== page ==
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Phuket Opinion: How to improve the island's traffic woes

Phuket Opinion: How to improve the island's traffic woes

OPINION: After another bout of mindlessly waiting at traffic lights and construction sites in and around Central, a reader decided to rant in this letter at how the Phuket officials have got it 180° out.

Monday 30 September 2013, 12:17PM

Phuket government has obviously seen a problem but instead of looking correctly at this issue they have gone for the ‘finger in the dyke syndrome’.

Constructing underpasses and overpasses and any other type of passes they can think of will not solve this problem, there are just too many vehicles on the inadequate roads of Phuket.

They say it will take approximately 2 years for all this construction to be finished (questionable). In that time another 10,000 vehicles will be on the island making these stop gap measures out of date and untenable.

All the while, whilst these ‘notions of change’ are being constructed two very large car showrooms with servicing workshops are being finished off in the north of the island.

Couple this with the Thai government’s policy of giving new car owners a lump sum back for purchasing a new vehicle (more on this later) makes a prediction of an extra 10,000 cars on the island in two years seem rather conservative.

This ‘money back to new vehicle owner’s scheme’ is falsely encouraging people to go out and purchase a new car, even though some of them cannot afford it.

The advertising campaign is obviously working but its working to the detriment of people in Thailand and of places like Phuket.

The answer? Wow this is the 6 million dollar conundrum. What is happening in Phuket right now will not work, period!

There are too many outside agencies that are pushing things like this through for alternative motives. They are not interested in whether cars wait at junctions for long periods of time, they don’t care whether roads become snarled because of volume, and they have little sympathy in there not being enough car parking for the amount of cars in Phuket.

Perhaps when people come here to Phuket, whether it’s for work (Thais and foreigners) or just to live, say any period over 3 months they have to register with the Phuket Administration.

So when Phuket Administration go for their yearly budget from Government, the Thai Government can clearly see just how many people are on the island and award the budget accordingly.

Anyone who fits this criteria about registering, caught driving a vehicle without being recorded will be fined and have their vehicle impounded. You could even put a levy on registering; say B200 for the first car. This allows cash to come into the office which can be spent on further infrastructure and will encourage people to start thinking about the vehicle situation.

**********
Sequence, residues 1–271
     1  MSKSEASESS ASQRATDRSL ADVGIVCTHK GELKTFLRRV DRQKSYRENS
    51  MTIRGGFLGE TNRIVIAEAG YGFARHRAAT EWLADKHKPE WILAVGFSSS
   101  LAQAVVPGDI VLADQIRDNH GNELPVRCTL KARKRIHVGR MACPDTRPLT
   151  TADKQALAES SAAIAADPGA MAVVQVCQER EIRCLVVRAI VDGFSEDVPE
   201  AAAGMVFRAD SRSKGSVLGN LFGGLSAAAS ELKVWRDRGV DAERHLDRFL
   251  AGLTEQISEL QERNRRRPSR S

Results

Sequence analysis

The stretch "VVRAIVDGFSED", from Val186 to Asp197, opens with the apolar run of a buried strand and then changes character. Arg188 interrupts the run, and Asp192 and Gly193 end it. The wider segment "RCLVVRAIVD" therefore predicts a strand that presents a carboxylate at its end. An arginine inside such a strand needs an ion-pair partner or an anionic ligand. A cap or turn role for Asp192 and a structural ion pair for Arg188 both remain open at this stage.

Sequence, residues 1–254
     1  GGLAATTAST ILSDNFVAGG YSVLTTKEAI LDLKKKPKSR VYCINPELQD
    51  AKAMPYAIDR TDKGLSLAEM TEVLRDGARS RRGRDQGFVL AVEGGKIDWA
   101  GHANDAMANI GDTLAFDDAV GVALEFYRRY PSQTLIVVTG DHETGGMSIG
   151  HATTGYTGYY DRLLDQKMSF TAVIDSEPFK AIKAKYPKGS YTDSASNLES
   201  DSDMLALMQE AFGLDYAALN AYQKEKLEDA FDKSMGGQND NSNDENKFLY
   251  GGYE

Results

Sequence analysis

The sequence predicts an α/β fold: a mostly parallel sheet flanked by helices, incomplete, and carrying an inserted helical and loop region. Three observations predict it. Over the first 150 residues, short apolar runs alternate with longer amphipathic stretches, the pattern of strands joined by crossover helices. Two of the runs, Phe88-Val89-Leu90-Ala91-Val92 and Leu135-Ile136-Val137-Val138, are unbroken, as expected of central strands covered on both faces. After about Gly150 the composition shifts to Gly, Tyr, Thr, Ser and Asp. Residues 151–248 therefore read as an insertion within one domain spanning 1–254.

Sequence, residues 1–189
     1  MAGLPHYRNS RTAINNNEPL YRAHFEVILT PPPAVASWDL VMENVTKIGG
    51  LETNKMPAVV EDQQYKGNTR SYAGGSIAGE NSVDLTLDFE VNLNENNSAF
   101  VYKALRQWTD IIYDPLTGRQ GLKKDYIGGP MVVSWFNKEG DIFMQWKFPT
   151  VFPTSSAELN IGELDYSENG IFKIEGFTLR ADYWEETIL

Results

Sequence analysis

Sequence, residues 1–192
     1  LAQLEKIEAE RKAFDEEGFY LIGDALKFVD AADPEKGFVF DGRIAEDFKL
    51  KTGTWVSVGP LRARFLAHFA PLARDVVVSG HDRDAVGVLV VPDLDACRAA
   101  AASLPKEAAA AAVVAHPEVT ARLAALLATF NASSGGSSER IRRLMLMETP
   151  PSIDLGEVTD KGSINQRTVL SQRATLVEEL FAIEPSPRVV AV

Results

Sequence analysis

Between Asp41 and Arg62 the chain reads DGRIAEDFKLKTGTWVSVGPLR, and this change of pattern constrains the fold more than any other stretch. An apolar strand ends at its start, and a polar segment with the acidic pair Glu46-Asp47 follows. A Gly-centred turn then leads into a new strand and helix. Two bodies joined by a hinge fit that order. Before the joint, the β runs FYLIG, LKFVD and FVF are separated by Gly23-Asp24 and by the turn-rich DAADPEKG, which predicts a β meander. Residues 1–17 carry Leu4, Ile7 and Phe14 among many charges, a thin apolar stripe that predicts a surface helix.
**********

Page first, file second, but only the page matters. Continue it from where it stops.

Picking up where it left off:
Plus if a family has more than one car to register they will have to pay extra (1 car B200, +1 car B300, +1 car B400 etc). Again all these things are put into practice to try and help the island not trying to be autocratic or repressive.

The actual map of Phuket is quite intriguing, with the majority of houses amassing in and around the thoroughfares.

To really study the Google map and the topography of the island you can clearly see a lot of presence in certain areas. What lies beyond these neighborhoods are cleared grounds that could be used to develop better infrastructure.

Using these areas at well know bottle neck points along with the current roads would allow Phuket to have a great road and rail system. Plus developing these areas behind all the façade would impair little to the day to day running of the island.

Of course this is not a quick time solution, this will take a great deal of planning, of getting people to buy into the idea and last but by no means least the construction. But at least people could see change and development happening for the better of the island.

Whilst I am on this rant, it would be progressive if the centre of Phuket town was made into a pedestrian only area. You develop certain areas outside the town to have “Park and Ride schemes’.

Using the public transport keeps vehicles out of the centre, develops a revenue source and more importantly helps protect the beautiful buildings that are there now.

If something is not done these historical landmarks will be damaged beyond repair from all the fumes coming from all the vehicles that constantly block the inadequate roads in and around Phuket town.

Having these walking only areas would encourage more people to visit, allow them to walk freely without the possibility of being mown down and develop a whole new industry of coffee houses, shops, restaurants etc.

When it comes to festivals nothing would change as the place would be pedestrians only. Having this attraction would not only draw people into the place, it would encourage them to walk more, which promotes healthy living.

One final rant, could the Thai driving schools plus tests either include or improve the teaching of reversing, slow driving in the outside lane, vehicles that should not be anywhere near public roads, MOT, driving with fog lights on, speeding, not obeying traffic lights or road markings, driving on the wrong side of the road, no lights, 17 people on 1 motorbike, no helmets, people obviously not having a license etc.

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